HOLLYWOOD, Aug. 9— Jello Biafra, the founder and lead singer of the Dead Kennedys rock band, goes on trial Monday on charges of violating a California statute that makes it illegal to distribute, exhibit or send harmful material to a minor.
The misdemeanor charge stems from a poster in the band's 1985 album, ''Frankenchrist.'' A reproduction of a painting by H. R. Giger, a Swiss surrealist, the poster showed 10 sets of male and female genitalia. Charges were brought in June 1986, after a California woman, Mary Sierra, sent the poster to the California Attorney General's office with a complaint that her daughter, who was 14 years old, had bought the record.
A Los Angeles Deputy City Attorney, Michael Guarino, said the case against Mr. Biafra, as the owner of the record company Alternative Tentacles, and four other distributors of the record was intended to test ''where the lines ought to be drawn'' in the availability of sexually explicit material to minors. New York Case Cited
He said the California statute under which Mr. Biafra is being prosecuted followed a decision by the Supreme Court of the United States in the case of New York v. Ginsburg over the sale of a men's magazine to a minor. In that case, the court held that the state had a compelling interest in the protection of children in matters that would not be obscene in regard to adults.
Violation of the California statute is a misdemeanor punishable by a year in jail and a $2,000 fine, but Mr. Guarino said it was highly unlikely he would ask for anything but a suspended fine if he won the case.
An American Civil Liberties Union lawyer, Carol Sobel, who is one of Mr. Biafra's attorneys, said, ''You don't have to like the painting, but if everybody agrees the material is O.K. for adults to have, it's inconsistent to criminalize it because it was bought by a minor.''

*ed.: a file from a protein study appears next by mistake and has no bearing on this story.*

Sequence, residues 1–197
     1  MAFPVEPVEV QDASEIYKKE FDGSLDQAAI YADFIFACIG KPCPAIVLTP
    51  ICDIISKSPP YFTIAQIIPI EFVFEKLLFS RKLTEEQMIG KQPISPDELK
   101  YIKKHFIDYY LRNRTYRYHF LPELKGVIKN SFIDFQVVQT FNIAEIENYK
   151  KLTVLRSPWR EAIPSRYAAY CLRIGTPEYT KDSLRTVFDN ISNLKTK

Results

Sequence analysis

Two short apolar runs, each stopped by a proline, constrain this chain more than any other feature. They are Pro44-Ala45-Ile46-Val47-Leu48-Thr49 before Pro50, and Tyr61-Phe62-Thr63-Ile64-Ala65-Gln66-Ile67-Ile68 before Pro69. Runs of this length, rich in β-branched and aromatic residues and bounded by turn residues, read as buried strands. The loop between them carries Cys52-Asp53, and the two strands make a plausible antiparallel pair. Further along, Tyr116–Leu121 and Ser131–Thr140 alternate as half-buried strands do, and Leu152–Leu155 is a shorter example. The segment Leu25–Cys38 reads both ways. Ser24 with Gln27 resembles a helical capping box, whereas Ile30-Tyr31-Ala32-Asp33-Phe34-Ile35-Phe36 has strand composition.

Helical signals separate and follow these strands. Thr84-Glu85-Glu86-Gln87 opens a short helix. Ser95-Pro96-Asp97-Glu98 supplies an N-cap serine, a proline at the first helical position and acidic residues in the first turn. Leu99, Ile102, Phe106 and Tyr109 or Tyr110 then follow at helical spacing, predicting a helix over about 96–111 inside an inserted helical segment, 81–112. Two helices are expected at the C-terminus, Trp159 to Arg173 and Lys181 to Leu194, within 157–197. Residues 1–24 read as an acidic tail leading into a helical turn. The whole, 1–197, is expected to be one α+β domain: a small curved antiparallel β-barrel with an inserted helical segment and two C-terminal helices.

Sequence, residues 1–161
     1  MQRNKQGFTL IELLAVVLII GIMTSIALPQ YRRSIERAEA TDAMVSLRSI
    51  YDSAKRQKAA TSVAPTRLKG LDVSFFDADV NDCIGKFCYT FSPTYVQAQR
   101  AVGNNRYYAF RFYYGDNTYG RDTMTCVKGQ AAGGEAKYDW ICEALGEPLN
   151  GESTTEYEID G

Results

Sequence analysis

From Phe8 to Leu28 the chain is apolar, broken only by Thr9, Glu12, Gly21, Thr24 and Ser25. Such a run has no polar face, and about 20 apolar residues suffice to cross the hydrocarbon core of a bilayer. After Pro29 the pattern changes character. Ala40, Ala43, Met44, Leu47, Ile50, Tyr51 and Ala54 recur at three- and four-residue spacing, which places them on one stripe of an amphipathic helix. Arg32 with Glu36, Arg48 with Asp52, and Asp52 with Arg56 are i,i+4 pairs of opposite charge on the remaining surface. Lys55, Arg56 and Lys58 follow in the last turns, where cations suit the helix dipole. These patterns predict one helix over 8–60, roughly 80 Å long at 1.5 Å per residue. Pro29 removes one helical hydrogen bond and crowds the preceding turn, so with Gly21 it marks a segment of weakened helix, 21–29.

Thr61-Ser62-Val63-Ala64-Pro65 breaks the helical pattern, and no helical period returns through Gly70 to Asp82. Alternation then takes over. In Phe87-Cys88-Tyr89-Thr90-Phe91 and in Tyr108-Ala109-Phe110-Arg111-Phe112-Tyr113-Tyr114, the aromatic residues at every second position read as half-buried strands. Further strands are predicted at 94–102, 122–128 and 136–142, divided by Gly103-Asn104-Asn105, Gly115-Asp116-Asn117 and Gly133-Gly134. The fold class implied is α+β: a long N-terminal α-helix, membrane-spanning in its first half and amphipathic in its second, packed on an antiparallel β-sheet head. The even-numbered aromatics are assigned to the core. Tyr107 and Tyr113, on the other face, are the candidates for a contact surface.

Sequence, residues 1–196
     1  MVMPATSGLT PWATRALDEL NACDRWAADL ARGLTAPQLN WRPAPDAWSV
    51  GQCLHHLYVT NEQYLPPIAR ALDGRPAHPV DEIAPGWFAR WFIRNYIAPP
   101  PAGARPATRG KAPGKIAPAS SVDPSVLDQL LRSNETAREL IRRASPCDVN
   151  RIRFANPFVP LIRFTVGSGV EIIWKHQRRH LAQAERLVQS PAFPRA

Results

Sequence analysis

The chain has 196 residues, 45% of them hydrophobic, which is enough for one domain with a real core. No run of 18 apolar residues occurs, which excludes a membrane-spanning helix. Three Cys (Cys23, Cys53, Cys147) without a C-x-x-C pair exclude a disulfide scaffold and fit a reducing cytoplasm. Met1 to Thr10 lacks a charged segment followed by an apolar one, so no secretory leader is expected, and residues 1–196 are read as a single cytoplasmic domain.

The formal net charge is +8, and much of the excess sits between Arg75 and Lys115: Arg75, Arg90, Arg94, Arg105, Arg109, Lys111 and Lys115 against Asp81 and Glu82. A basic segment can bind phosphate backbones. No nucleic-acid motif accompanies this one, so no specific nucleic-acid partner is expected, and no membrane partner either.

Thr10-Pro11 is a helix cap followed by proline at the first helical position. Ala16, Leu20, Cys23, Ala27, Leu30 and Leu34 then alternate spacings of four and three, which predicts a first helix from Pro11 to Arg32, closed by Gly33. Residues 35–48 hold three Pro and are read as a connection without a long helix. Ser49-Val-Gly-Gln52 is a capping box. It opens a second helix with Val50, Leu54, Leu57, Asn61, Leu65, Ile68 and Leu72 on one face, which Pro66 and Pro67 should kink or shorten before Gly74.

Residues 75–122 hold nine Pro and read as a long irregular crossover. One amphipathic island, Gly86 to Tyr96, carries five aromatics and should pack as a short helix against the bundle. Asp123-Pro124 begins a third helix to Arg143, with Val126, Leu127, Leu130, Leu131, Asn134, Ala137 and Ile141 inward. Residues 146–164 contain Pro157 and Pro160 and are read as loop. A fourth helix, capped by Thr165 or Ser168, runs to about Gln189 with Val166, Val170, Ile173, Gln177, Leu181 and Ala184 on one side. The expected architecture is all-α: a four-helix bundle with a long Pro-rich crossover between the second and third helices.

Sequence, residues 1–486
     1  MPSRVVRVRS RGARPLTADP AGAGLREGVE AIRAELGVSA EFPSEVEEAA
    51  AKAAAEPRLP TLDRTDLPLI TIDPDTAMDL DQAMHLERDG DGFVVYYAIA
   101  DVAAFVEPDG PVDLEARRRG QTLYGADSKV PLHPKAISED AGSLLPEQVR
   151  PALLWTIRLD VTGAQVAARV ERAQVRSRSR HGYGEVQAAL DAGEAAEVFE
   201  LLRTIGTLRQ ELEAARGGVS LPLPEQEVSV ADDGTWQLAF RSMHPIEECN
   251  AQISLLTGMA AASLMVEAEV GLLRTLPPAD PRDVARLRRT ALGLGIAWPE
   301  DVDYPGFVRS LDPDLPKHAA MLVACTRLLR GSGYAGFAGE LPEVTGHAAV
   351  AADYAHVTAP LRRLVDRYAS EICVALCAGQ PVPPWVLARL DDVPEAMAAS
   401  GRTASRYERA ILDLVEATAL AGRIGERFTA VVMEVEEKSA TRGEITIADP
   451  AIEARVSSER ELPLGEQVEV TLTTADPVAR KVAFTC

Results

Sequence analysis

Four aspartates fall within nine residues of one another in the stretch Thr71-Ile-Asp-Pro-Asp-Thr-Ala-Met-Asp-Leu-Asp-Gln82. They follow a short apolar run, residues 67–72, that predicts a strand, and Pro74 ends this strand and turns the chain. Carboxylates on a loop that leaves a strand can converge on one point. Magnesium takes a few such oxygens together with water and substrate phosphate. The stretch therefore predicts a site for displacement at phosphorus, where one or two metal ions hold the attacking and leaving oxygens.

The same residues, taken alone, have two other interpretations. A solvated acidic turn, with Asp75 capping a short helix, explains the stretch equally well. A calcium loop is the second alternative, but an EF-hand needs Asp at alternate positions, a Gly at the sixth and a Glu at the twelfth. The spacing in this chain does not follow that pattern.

Mr. Biafra's chief lawyer, Philip Schnayerson, said the prosecution of Mr. Biafra was an attempt to set a precedent in liability. ''Traditionally, you don't prosecute the beer manufacturer because a bartender sells to a minor,'' he said. ''Mr. Biafra and the record companies had no control over who the record was going to be sold to.''
Mr. Biafra said the Dead Kennedys had been chosen for prosecution rather than more prominent rock artists because they had fewer monetary resources and because their records make political points. He said Mr. Giger's poster was included because it heightened the record's subject matter: ''The vicious circle we find ourselves caught in when we exploit each other in today's me-generation consumer culture.'' Warning Labels on Records
Under pressure from Parents Music Resource Center, a group formed by Tipper Gore, wife of Senator Albert Gore Jr., a Tennessee Democrat, the major record companies have agreed to put warning labels on records that contain visual material or lyrics that might be harmful to minors. Mr. Biafra described ''Frankenchrist'' this way: ''The inside foldout to this record cover is a work of art by H. R. Giger that some people may find shocking, repulsive, or offensive. Life can sometimes be that way.''
The Dead Kennedys, who disbanded last spring under the pressure of the court case, were a politically oriented San Francisco-based punk band best known for their songs ''Holiday in Cambodia'' and ''California Uber Alles.'' The Los Angeles Times described their final album, ''Bedtime For Democracy,'' as their ''usual exhilarating blast of politically oriented thrash punk'' and Mr. Biafra, whose real name is Eric Boucher, as ''one of rock's intelligent spokesmen.'' Among the subjects of Mr. Biafra's songs on ''Bedtime for Democracy'' are toxic waste and United States immigration policy, while the cover of ''In God We Trust,'' an album that attacked the religious right, depicts Christ, crucified on a cross of dollar bills, as a bowling trophy.
A friend of Mr. Biafra, Suzanne Stefanac, a co-founder of his defense fund, said $30,000 had been collected ''from fans of the Dead Kennedys and people concerned with censorship.''
Mr. Biafra said, ''The punishment has already been meted out very severely because I've had a year of my life completely disrupted and I've been unable to perform any more music.'' Recently he has spoken his lyrics in clubs and at universities, including the University of California campuses at Los Angeles and Santa Barbara.
Mr. Giger shared an Academy Award for visual effects in 1979 for his creation of the aliens and their disturbing environment in the movie ''Alien.'' The painting on which the posters were based has been exhibited in European museums. August 10, 1987)